If this was correct, my dilemma was irresolvable.



Ronald Dworkin: “The DeFunis Case: The Right to Go to Law School”

The New York Review of Books, February 5, 1976. (Republished as “Reverse Discrimination” in Dworkin’s Taking Rights Seriously, London: Douckworth 1977.)


A Sunday morning in 1976, I visited one of my closest friends. Every Sunday, there was open house with him; the guests were people about to launch what later was called the democratic opposition. This time, I didn’t come early; when I entered the room, there was already noisy discussion. But something else captured my attention. On the table, I saw a recent issue of New York Review of Books. My gaze was attracted to the title “Ronald Dworkin: The DeFunis case”. I haven’t heard about that case before, nor have I encountered the name of the author. Nevertheless, I opened the journal, and began to read the article, not even caring about finding a place to sit down. I may have read it for about 20 minutes, then asked my friend to lend me the copy, and went home.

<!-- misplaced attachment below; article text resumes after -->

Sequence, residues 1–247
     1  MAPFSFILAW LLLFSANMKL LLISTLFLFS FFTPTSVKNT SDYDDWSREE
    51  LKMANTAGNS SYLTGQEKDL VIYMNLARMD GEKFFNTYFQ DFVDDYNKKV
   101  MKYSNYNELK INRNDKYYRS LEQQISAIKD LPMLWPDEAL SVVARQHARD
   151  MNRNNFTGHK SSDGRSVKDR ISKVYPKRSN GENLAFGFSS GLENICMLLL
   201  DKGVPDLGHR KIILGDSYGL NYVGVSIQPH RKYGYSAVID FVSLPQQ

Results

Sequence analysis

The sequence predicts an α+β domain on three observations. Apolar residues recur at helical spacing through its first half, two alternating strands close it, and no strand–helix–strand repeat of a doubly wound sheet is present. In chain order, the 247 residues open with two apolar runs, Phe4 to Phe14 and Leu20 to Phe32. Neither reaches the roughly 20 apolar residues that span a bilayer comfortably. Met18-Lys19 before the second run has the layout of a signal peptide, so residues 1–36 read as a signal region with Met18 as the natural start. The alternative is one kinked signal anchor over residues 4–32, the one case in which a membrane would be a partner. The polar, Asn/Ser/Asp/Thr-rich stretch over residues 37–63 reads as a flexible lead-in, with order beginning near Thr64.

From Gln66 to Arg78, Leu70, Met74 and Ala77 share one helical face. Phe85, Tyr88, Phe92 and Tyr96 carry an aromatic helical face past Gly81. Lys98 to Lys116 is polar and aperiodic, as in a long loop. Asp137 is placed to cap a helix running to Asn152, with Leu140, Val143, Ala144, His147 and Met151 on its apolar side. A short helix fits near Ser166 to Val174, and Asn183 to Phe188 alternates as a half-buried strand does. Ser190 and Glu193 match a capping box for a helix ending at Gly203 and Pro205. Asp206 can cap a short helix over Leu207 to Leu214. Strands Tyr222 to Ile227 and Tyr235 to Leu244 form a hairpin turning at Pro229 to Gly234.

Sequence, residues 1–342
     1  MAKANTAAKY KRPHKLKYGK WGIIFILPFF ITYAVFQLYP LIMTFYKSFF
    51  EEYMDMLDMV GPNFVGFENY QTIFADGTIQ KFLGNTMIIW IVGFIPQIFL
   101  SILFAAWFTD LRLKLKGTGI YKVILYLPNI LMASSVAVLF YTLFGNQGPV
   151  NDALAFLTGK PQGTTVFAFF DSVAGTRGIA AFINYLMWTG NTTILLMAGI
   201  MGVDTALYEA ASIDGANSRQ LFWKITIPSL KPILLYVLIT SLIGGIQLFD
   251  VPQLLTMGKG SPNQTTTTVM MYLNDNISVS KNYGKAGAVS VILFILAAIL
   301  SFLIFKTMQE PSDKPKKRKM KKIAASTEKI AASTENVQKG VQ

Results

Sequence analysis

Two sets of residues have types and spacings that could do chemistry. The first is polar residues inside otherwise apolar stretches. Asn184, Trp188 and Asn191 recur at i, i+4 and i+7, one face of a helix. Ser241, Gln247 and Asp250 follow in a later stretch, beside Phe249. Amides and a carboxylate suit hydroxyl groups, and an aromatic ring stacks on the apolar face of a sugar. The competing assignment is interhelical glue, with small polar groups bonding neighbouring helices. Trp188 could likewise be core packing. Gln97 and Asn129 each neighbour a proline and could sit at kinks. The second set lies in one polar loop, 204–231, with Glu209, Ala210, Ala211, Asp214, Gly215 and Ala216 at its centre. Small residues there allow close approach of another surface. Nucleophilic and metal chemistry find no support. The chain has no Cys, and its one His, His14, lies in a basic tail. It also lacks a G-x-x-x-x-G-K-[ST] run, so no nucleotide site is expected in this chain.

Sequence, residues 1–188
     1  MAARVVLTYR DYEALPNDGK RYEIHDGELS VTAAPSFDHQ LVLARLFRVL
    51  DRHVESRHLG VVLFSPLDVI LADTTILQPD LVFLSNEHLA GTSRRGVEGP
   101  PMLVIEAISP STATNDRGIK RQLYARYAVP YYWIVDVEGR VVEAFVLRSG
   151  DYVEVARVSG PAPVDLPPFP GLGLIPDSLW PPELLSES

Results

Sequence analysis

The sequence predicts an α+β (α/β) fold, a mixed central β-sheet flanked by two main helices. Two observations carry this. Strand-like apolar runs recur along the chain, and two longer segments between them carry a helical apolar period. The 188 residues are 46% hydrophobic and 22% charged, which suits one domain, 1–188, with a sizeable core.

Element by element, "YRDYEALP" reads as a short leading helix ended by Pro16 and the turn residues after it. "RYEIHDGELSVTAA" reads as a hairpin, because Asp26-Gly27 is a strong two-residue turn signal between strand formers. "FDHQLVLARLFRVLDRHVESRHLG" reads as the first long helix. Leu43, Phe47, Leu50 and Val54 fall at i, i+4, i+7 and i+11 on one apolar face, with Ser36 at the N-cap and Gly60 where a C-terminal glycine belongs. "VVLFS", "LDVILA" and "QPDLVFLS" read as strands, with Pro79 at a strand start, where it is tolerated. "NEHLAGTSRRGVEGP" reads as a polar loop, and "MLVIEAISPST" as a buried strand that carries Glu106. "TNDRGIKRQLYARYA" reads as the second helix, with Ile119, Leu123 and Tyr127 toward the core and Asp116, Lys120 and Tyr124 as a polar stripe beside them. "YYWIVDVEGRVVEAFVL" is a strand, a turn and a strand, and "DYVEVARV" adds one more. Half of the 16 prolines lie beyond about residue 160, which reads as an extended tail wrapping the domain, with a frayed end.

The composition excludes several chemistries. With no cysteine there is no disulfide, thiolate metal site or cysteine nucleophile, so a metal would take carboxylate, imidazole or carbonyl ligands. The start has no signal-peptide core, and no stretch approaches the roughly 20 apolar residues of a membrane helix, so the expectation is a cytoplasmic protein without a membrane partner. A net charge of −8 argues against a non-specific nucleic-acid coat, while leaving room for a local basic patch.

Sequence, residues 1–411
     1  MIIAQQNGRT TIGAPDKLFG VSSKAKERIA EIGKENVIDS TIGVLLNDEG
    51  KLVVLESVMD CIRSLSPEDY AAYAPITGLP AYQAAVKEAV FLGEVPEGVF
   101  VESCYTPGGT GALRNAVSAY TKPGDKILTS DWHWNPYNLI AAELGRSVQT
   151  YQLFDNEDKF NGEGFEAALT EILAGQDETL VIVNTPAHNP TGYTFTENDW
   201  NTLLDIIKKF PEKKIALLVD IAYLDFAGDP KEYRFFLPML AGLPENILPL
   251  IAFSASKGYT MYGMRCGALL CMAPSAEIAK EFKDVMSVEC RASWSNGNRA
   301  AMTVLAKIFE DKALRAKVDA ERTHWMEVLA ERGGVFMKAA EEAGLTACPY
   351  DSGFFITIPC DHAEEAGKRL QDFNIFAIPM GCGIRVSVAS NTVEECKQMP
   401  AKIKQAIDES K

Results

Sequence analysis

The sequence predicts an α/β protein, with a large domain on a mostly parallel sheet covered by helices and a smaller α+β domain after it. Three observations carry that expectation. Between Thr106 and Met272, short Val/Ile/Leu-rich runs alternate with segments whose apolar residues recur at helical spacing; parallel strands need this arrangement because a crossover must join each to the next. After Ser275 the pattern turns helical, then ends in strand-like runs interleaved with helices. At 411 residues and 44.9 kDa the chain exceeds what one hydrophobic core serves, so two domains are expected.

Dworkin’s argument was of great complexity; I had to reread the text a number of times to get the point. But the main idea was simple. DeFunis applied to the University of Washington Law School. He was rejected although his test scores were not lower than those of black or other minority applicants. He asked the Supreme Court to declare that the procedure – informed by affirmative action considerations – violated his rights under the US Constitution. Dworkin argued that public universities are morally and constitutionally permitted to pursue admissions policies that give preferential treatment to underprivileged minorities, and nobody has a right that the admissions criteria focus on individual performance alone, disregarding the aim of equalizing opportunities.